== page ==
Rollei RPX 100 and Svema Foto 200

The 36 exposure roll of Rollei RPX 100 was exposed between January 2021 and February 2021.

NOTE: I’ll begin this experience report with a brief disclaimer. It’s been less than three years since I returned to shooting 35mm film after switching to digital photography over 20 years ago. I’ve inundated myself with as much film education as possible between web articles and advice from experienced film shooters. But, since my prior experience with film is decades old, this review is from a rather novice point of view.

This afternoon I got a notification from The Darkroom that my rolls of Rollei RPX 100 and Svema Foto 200 35mm film had been processed and scanned.

man facing camera through a window
"RV" | January 2021 | Minolta XD-11 | MD ROKKOR-X 45mm F2 | Rollei RPX 100

The 36 exposure roll of Rollei RPX 100 was exposed between January 2021 and February 2021. The subject matter is uninteresting. This was my first time shooting a roll of Rollei RPX 100. The images above and below are among the best frames from the roll and my two favourites. The remaining frames were either badly exposed or the subject matter was uninteresting.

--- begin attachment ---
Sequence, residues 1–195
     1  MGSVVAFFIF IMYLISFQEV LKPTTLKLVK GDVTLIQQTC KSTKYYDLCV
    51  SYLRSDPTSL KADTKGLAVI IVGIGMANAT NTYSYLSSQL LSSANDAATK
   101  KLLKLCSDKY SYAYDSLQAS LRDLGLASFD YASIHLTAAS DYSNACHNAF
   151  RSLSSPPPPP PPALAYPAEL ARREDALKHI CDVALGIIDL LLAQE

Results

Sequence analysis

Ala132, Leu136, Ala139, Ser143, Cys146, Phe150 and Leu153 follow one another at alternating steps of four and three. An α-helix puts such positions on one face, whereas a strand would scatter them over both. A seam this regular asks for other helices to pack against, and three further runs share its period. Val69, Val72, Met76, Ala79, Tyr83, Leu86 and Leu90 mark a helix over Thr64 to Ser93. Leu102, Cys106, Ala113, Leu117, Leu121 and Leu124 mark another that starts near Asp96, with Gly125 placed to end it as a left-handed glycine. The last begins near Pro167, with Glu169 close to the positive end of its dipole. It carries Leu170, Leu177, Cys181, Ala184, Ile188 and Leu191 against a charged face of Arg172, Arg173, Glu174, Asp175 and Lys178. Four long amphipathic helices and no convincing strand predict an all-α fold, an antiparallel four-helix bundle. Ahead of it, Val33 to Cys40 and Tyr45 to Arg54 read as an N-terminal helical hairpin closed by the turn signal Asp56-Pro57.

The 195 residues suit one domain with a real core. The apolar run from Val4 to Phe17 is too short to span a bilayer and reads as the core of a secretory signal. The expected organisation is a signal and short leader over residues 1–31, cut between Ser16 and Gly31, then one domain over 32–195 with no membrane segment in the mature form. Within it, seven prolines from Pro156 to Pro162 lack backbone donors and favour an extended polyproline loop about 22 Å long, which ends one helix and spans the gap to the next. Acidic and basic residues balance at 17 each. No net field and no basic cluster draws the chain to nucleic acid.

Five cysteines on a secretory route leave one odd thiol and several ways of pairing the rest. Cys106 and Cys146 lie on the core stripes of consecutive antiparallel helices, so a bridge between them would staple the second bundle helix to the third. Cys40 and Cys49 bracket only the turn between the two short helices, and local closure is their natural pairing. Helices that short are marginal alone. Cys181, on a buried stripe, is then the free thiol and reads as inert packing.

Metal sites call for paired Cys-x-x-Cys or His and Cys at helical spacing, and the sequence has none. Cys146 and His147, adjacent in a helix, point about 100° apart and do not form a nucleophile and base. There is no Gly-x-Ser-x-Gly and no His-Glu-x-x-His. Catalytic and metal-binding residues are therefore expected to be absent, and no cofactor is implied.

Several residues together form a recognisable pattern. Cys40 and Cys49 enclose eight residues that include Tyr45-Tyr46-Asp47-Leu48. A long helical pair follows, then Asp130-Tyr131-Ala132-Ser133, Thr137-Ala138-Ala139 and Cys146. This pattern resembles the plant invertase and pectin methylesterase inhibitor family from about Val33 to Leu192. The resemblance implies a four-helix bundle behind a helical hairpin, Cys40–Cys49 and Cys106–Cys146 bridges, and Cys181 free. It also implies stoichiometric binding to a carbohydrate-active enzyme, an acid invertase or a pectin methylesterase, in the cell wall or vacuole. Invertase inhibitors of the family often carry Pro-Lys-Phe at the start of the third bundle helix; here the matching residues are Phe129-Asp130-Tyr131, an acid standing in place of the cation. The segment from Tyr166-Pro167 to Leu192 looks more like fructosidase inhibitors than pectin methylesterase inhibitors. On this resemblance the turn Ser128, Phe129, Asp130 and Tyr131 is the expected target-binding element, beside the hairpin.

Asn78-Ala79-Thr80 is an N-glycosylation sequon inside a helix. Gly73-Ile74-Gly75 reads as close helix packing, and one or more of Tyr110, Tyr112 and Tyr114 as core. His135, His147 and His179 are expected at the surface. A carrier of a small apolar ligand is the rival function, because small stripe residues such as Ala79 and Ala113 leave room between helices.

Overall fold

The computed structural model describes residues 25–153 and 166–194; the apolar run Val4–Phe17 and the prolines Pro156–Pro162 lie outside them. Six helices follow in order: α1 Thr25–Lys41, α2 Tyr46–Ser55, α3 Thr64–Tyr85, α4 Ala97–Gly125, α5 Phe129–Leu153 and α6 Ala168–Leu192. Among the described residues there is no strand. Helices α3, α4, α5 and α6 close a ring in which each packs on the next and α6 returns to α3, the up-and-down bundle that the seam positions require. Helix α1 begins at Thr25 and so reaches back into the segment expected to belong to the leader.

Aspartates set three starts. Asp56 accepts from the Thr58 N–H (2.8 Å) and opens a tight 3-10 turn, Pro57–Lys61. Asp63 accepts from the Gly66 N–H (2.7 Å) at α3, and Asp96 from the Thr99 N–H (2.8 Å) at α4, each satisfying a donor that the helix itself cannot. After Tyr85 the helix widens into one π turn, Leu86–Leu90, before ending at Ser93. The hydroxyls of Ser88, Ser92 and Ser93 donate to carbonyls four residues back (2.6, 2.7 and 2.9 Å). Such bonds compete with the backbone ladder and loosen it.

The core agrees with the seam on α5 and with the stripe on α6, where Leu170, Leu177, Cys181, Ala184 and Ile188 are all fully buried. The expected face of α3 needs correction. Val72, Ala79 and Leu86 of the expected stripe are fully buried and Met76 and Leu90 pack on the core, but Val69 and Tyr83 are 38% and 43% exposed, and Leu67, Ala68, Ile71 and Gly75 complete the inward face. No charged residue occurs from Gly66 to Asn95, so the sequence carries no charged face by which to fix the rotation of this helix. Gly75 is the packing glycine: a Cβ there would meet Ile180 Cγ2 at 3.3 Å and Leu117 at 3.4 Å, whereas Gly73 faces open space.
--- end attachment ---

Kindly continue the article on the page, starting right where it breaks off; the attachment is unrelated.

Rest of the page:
kitchen
March 2021 | Minolta XD-11 | MD ROKKOR-X 45mm F2 | Svema Foto 200

The Rollei RPX 100 scans do not appear to have a lot of contrast, but I love how the whites are rendered.

The 24-exposure roll of Svema Foto 200 was exposed between March and April 2021. Unfortunately, I forgot the roll was still in the camera. A few weeks ago, when I opened the back of my Minolta XD-11 to load a cartridge of Vision 250D, I exposed the roll. Ugh! There were far fewer keepers than with the registration of Rollei RPX 100.

Fujifilm X-T2
MD Rokkor-X 45mm F2 adapted to Fuji X-T2 | March 2021 | Minolta XD-11 | MD ROKKOR-X 45mm F2 | Svema Foto 200

The Svema Foto 200 appears to have more contrast than the Rollei RPX 100, but I’m not happy with the result from these 35 B&W film stock.